Software/Programs/Apps I love – Part 3: iPhone

Today we turn to iOS platform. I don’t own an iPad so I’ve only used these apps on iPhone. Again this list won’t cover very popular apps like Duolingo. Most of them are also available on the Web and Android.

1. Pocket (alternatives include Instapaper and Readability)

Before I knew Pocket, when I found some cool stories online but didn’t have the time to read them right away, I bookmarked the page. Over time I ended up with a lot of bookmarks that required a huge chunk of time to actually read.

Now I save them to Pocket (by Save to Pocket Chrome extension), then this Pocket app becomes a mobile reading list so that I can read it whenever I want (e.g. waiting for a bus). Also Pocket removes the ads on the webpages, helping me focus on the content.

2. Feedly

Before I knew RSS, I had to check all of my favorite websites/blogs frequently because I did not want to miss any new posts. However, after a while I found this very tiring. RSS can solve this problem: all I need to do is to subscribe (just like YouTube) to the websites/blogs and every new posts will appear in my RSS reader automatically.

The best RSS reader used to be Google Reader. After Google shut it down on 7/1/2013, I switched to Feedly and it’s been working well. Their iOS app is great except one thing: pictures from Angewandte Chemie International Edition cannot display properly. So I am using Reeder on my phone.

Bonus – some websites/blogs I follow:

In English:

Waitbutway: weekly updated blog with insightful and unusually long posts. Some of my favorite posts are:

Why Generation Y Yuppies Are Unhappy (This is probably their most famous post)

How to Pick Your Life Partner (Part 2)

Life is a Picture, But You Live in a Pixel

7 Ways To Be Insufferable On Facebook

If you read these posts and agree with them, potentially you and I can be good friends.

Astronomy Picture of the Day (APOD): from NASA.

Abstruse Goose/PHD Comics/xkcd: geeky comics.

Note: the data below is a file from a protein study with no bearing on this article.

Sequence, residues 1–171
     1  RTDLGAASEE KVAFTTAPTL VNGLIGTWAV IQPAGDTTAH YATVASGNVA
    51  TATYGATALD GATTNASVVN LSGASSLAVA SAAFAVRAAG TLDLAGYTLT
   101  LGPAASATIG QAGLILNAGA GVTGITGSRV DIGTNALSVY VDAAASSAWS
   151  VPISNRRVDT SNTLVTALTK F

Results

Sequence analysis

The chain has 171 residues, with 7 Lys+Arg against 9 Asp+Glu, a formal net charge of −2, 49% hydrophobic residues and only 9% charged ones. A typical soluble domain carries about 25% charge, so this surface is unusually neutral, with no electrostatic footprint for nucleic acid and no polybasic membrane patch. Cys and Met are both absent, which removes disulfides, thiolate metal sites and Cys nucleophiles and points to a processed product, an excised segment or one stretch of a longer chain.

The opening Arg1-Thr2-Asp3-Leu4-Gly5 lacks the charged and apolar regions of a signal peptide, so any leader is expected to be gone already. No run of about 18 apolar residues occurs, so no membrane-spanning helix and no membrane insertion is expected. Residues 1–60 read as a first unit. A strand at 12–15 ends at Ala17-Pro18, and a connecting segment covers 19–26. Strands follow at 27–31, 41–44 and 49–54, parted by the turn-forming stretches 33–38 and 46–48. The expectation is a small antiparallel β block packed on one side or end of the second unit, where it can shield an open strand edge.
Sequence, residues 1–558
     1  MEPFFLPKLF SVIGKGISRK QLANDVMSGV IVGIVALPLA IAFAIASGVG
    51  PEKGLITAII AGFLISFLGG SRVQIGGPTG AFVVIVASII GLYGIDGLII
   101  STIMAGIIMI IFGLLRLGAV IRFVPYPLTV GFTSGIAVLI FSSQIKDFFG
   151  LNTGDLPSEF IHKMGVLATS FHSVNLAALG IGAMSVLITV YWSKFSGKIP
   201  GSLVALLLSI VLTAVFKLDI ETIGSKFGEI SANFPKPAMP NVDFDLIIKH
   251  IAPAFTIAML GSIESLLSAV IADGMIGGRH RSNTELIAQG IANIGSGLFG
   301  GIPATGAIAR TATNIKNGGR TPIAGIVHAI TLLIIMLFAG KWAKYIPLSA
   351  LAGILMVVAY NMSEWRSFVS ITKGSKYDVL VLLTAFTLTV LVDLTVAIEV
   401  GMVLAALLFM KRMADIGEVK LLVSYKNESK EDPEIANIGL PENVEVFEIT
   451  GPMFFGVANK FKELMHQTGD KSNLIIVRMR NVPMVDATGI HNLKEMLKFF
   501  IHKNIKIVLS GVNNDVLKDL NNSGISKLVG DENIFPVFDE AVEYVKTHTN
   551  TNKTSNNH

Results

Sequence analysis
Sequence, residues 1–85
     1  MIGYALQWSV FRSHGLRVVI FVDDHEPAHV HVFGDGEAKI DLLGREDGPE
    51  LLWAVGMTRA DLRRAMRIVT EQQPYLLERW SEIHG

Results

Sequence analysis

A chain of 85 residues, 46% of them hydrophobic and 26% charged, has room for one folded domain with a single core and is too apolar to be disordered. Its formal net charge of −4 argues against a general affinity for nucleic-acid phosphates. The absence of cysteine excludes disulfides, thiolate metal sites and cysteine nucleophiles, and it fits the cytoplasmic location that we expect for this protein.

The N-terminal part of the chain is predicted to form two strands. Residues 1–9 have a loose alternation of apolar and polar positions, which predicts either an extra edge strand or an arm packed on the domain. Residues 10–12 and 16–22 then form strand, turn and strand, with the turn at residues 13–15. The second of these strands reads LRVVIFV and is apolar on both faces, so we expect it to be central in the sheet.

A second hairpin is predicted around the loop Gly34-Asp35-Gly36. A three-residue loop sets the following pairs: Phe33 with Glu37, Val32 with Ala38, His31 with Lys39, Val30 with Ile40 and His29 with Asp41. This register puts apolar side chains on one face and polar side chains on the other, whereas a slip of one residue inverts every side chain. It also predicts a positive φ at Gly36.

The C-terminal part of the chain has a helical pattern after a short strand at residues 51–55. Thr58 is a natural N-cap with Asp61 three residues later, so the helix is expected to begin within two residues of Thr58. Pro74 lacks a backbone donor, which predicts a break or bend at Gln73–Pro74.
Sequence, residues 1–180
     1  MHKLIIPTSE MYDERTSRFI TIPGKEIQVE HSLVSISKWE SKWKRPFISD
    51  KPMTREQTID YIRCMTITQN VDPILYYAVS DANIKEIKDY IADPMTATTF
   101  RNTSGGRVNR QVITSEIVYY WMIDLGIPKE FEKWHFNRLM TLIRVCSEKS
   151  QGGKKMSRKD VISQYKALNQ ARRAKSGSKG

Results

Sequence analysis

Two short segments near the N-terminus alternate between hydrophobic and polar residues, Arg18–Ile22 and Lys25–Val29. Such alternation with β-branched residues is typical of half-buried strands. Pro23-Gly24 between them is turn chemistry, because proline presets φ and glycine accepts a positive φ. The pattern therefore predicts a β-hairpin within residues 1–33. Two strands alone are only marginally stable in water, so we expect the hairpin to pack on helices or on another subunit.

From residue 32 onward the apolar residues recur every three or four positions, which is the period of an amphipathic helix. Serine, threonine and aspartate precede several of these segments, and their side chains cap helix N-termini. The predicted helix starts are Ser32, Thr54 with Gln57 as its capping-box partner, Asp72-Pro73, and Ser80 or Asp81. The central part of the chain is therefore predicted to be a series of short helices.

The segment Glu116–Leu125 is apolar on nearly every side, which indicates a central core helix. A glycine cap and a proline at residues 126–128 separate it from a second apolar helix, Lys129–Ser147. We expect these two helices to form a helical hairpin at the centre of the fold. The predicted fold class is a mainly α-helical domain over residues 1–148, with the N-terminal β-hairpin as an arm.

Hi, I’m Liz: cute comics.

In Chinese:




3. HabitRPG

To-do list (e.g. Google Task, Todoist, Wunderlist, is a great idea, and I’ve been using them for a long time. Recently I found HabitRPG and it’s exactly what I’ve been thinking for a long time. You’ve probably already heard about gamification, and this 8-min tutorial video explains how HabitRPG works. The HabitRPG Chrome extension can (potentially) help you spend less time on YouTube/Facebook/Reddit/9gag (RescueTime does the same thing).

4. Mint

Best free way to manage (my small amount of) money.


Workout app. A timer between sets and a log.

6. Starmap lite

Star Walk is great, but this one is free, and it works, too.

7. TripCase

Keep all your itineraries in one place.

Bonus: how to organize iPhone apps

First world problem: you have so many apps on your iPhone that you can’t find them when you need them. My solution: 1) delete the ones you don’t really need; 2) organize them in a way that works for you.

Here’s how I do it: Dock: A-level (frequency of usage) apps; Page 1: B-level apps, no folders; Page 2: C-level apps and folders. Page 3: new apps to test. You can see other ways of organizing apps here and here.


Software/Programs/Apps I love – Part 2: Google products

Since this is part 2, two is the keyword of this post.

1. Two third-party services for Gmail that have great potentials:


Toss the junk with one click.

If you want unsubscribe all those ads in your inbox, try this.


Fly through your email.

Turn your inbox into a to-do list.

2. Two of less known Google products:
(Click here for more. Hope Google won’t shut them down like Google Reader)

Map Engine Lite:

Create and share custom maps.

Great for trip planning.

Culture Institute:

Discover exhibits and collections from museums and archives all around the world.

3. Two of my favorite YouTube channels:

CGP Grey:

Complex things explained.


Breaking news on a weekly basis.